Lahore: Pakistan on Wednesday said it was not bound to act on the bounties offered by the US for Lashkar-e-Taiba founder Hafiz Mohammad Saeed and his brother-in-law Abdul Rahman Makkias as the American administration had taken the step on its own.

Pakistan is only bound to implement any resolution or announcement of the United Nations, a law officer of the federal government said in a reply submitted to the Lahore High Court in response to a petition filed by Saeed.

Chief Justice Azmat Saeed Sheikh, who is hearing the case, had on April 18 issued notices to the federal and Punjab governments to respond to Saeed's petition. The federal government said in its reply it was not bound to act on the bounties offered by the US for Saeed and Makki as the American administration had taken the step on its own.

Pakistan, being a signatory to the Charter of the UN, is bound to act on the resolutions or announcements of the world body, the government said in its response. The federal government further said the issue of providing security to Saeed was a provincial subject.

The law officer of the Punjab government sought more time from the court to submit a reply. Chief Justice Sheikh adjourned the matter till May 7.  In his petition, Saeed had asked the court to direct the government from taking any "adverse action" against him and Makki. He also sought protection from the government in the wake of the US bounty.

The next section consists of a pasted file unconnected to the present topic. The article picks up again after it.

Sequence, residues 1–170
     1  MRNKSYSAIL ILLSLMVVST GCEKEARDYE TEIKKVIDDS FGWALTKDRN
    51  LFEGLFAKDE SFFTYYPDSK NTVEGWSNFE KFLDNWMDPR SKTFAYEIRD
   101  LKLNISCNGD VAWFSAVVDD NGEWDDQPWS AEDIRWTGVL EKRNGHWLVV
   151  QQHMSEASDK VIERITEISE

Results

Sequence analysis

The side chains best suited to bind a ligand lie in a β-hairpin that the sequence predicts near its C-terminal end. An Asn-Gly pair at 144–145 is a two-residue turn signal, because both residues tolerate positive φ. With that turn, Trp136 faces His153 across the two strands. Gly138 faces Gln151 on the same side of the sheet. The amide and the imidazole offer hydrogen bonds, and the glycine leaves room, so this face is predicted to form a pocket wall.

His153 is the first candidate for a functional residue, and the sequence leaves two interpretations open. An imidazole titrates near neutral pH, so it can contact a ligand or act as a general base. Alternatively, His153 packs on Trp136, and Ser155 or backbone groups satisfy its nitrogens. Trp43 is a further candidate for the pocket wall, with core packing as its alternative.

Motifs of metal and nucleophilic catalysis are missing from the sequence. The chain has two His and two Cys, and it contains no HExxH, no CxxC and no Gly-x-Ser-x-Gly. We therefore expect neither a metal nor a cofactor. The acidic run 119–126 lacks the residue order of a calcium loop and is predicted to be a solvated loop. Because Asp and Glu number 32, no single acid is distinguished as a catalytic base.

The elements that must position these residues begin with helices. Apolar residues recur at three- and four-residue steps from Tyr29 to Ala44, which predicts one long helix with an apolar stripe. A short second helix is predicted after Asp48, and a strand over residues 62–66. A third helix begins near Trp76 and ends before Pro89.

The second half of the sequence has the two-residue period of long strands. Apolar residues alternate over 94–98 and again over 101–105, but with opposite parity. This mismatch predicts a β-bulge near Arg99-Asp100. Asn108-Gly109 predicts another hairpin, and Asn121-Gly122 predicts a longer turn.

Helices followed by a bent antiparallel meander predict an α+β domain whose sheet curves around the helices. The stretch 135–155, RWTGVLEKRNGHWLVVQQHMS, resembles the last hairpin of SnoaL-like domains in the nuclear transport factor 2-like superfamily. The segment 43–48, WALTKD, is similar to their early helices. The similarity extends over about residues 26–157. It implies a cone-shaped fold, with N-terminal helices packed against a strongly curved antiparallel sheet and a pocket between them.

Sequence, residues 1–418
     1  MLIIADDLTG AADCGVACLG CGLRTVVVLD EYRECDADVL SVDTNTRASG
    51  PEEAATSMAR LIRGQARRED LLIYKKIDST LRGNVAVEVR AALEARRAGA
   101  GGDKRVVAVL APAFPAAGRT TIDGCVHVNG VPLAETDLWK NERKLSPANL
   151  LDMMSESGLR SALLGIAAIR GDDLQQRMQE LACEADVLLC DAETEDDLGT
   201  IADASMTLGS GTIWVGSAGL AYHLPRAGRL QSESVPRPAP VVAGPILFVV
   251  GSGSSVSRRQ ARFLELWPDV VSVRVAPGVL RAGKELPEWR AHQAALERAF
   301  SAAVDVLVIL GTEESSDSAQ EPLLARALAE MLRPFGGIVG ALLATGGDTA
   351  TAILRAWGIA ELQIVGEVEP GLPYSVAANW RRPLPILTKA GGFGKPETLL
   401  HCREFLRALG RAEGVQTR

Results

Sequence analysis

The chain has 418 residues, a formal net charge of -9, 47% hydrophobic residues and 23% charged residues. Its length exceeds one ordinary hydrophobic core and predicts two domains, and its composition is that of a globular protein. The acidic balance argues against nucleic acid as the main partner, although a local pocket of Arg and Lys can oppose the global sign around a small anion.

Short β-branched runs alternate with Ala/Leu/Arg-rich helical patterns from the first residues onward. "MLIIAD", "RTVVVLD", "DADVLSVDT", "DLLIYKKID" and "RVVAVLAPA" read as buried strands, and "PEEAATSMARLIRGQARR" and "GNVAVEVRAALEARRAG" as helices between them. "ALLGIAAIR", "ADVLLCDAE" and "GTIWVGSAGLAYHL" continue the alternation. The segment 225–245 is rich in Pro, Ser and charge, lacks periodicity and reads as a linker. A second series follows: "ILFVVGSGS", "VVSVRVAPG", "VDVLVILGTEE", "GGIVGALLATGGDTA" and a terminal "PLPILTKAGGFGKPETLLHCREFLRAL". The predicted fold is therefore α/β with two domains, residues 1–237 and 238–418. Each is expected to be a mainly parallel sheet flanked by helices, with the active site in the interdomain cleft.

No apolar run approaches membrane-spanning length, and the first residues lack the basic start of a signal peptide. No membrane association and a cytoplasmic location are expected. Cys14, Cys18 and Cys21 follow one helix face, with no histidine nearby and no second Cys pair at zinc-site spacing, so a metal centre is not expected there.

The US has offered a 10-million dollar bounty for Saeed, the alleged mastermind of the 2008 Mumbai attacks, under its Rewards for Justice programme. It offered a two million dollar bounty for Makki, who is Saeed's deputy in the Jamaat-ud-Dawah.

Saeed and Makki had contended that under Articles 4 and 9 of the Pakistani Constitution, they are free citizens and the federal and provincial governments should be stopped from taking any "adverse action" against them on the pressure of the US.

They claimed the government should provide them security after the US announcement as their "lives were not safe". They further asked the court to direct the federal government to ask the US to withdraw the bounties.

(Agencies)